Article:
Thailand’s new finance minister, Kittiratt Na-Ranong, talks about Greece, the Thai economy and regional cooperation.
As Greece goes hat-in-hand for its second EU and IMF bailout in as many years, Thailand’s new finance minister, Kittiratt Na-Ranong, who is also deputy prime minister, offered a bit of friendly advice yesterday: ditch the euro — you’ll struggle now, but in the long run it will be worth it.
Greek politicians may reach a different conclusion, but they should consider the Thai finance minister’s advice. Thailand pegged its currency at Bt25 to the dollar from 1984 until July 2, 1997, when the country was clobbered by the Asian financial crisis. That’s when the government bit the bullet and floated the baht. Sure, it halved in value, with the cost of a dollar peaking at Bt56 in January 1998. But it has since strengthened to about Bt30 per dollar. The nation has rebuilt.
Now, Kittiratt forecasts that the Thai economy could grow at 7% in 2012 — thanks to post-flood reconstruction efforts by both the government and private sector, and increased wages, which should spur domestic consumption.
“Seven percent growth could be possible if we manage it right without overheating,” said Kittiratt. “And by manage it right I mean by not pushing.”
The official government target for GDP growth is 4.5% to 5.5% — last year, in part due to the disruption caused by the floods that started in July, the economy grew by just 1% to 1.5%, according to Kittiratt.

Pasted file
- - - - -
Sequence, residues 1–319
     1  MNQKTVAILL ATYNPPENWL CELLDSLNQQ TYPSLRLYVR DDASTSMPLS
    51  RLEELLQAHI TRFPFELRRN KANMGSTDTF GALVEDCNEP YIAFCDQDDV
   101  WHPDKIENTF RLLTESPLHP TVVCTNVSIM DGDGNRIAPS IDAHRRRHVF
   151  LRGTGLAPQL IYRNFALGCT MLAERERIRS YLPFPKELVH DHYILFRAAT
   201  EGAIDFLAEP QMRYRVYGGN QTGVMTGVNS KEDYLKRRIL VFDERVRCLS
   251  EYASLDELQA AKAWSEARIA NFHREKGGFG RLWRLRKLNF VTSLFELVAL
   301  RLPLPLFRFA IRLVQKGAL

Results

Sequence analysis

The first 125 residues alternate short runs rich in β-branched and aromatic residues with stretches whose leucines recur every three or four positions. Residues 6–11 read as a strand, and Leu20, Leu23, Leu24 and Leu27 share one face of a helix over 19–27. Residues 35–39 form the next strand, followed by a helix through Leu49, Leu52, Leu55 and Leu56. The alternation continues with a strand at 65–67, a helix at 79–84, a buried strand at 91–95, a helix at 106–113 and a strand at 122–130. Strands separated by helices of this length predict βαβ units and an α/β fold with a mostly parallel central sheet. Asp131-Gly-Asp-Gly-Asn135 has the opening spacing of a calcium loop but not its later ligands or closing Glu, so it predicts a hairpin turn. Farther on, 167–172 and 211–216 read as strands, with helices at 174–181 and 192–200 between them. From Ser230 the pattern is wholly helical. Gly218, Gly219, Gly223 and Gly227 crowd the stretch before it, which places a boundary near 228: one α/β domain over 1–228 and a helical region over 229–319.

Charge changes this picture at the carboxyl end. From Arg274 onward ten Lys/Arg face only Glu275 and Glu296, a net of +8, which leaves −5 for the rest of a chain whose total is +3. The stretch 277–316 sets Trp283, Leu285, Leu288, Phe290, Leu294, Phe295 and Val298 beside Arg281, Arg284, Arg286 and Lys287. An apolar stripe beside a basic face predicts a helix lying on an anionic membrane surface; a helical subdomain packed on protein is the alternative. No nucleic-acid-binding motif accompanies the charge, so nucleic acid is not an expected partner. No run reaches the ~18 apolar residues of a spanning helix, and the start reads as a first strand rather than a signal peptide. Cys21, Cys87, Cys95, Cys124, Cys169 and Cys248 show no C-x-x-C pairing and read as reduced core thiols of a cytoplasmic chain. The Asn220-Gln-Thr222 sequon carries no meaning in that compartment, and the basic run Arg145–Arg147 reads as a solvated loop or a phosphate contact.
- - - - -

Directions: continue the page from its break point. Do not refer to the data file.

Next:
Kittiratt, who was in Hong Kong for an investment conference hosted by Deutsche Bank and Tisco Securities, was polished in his sales pitch — not surprising given his background: during his career he has been a chief investment officer, chairman of an asset management firm, chairman of a brokerage and, before joining the government as deputy prime minister in August last year, he was president of the Stock Exchange of Thailand. After just six months in politics, he was given the finance ministry to run.
He’s confident when it comes to the fundamental strength of the economy, yet realistic about some of the challenges he faces. For example, 7% growth is clearly an ambitious target — since the 2006 coup, Thailand has been derailed by one event after another, be it political turmoil, terrorism or the more recent floods. But he was more cautious on subjects such as the minimum wage. He acknowledged that salary increases won’t be easy for employers who will have to become more efficient to maintain competitiveness. Some will go out of business. (But he also noted that unemployment, at 0.8% as of November, is not a problem in Thailand.)
He also recognised that as the government spends more — on reconstruction and to pay increased wages to civil servants, for example — it also has to cut back on some of the subsidies it offers to people, such as selling cooking gas at roughly half the price of neighbouring countries, and providing almost free transport to locals. Raising the price of everyday essentials such as these is a hard sell in a country where the rural poor form a voting majority. Indeed, it could be political suicide if not managed right.